People have loved Plums for a long time. Cultivated Plum tree varieties trace back to the beginning of human history, and Plum remains have been discovered in archeological sites back to the Stone Age.
The two primary varieties of plums that are most common in our diet today, Prunus domestica (European Plums) and the Prunus salicina (Japanese Plums) are not found in nature at all, but rather are a human creation. These varieties are the results of selective hybridization over the course of centuries.
Because there are so many varieties available across a diverse set of climates and zones, growing Plum Trees are the ideal fruit for the beginning home gardener. Plum varieties like the American hybrids, Burbank, Superior and Toka have adapted to the coldest extremes of USDA Zone 4 and produce delicious fruit dependably.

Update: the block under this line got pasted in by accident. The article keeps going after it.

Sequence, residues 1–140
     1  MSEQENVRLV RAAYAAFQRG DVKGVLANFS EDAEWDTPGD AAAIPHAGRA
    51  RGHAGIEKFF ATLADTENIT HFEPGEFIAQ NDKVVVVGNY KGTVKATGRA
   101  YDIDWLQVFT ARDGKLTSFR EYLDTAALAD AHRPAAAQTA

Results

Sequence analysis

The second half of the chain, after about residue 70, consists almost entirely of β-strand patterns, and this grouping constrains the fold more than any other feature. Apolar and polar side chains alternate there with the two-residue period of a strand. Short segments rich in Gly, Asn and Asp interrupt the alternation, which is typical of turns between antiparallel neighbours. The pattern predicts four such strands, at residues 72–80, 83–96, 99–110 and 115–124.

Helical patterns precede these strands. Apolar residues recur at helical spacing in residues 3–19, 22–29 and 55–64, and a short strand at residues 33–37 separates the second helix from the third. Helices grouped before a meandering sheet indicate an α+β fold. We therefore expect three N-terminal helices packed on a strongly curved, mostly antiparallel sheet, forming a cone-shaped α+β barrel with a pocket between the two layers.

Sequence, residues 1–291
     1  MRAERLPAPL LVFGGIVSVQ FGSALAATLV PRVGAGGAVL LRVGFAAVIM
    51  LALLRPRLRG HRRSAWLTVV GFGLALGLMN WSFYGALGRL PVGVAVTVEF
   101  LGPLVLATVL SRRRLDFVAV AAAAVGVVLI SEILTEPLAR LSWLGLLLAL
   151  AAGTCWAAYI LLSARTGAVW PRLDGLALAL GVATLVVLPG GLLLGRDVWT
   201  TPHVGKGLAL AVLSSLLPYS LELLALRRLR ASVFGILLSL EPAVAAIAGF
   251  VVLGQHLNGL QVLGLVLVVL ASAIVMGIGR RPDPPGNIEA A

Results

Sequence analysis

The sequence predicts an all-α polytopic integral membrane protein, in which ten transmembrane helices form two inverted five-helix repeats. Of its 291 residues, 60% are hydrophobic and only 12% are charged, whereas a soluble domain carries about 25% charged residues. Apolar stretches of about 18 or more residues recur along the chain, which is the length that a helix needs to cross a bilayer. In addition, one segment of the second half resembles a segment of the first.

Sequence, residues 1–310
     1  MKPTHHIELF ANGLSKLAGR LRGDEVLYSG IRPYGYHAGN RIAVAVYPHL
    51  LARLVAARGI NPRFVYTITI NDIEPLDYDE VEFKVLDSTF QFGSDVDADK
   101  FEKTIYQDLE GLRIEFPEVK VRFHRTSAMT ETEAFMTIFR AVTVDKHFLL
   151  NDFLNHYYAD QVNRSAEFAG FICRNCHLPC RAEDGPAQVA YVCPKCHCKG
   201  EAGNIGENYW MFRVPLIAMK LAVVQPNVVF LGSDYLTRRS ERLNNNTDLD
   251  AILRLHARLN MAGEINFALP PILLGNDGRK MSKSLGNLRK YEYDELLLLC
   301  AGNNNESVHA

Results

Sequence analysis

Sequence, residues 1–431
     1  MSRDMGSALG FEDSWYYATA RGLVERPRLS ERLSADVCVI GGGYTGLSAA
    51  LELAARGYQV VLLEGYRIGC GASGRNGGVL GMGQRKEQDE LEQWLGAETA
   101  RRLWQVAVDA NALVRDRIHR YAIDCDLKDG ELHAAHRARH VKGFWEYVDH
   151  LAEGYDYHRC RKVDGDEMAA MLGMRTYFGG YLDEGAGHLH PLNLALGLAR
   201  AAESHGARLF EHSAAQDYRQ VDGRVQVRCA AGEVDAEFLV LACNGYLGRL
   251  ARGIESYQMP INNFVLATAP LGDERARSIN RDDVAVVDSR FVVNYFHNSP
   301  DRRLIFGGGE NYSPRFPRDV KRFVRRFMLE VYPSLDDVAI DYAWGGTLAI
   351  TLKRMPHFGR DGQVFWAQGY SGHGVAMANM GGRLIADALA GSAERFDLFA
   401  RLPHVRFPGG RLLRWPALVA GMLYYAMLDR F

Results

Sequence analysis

The milder Zones of 10 and 11 have plum varieties like Santa Rosa and Burgundy that produce a wonderful
In the world of Plums, there are hundreds if not thousands of varieties worldwide that are available for the home gardener. All have their own distinct characteristics - but none so distinguished as the Methley Plum. This variety has it all; it is widely adapted throughout the U.S. from zone 4 to 9, offers heavy production on a naturally small tree with medium to large rich flavored red-fleshed fruit and is self-fruitful!
The Methley plum actually has a very interesting history in that it is believed to be a Hybrid between an American Plum variety (Prunus cerasifera) and the Japanese Plum (Prunus salicina). This happened unintentionally as a select seedling in South Africa around the turn of the 20th century.
How it found its way back to the States is anyone’s guess, but the impact that Methley has had on plum growing in the United States is undeniable.
Like other Japanese x Am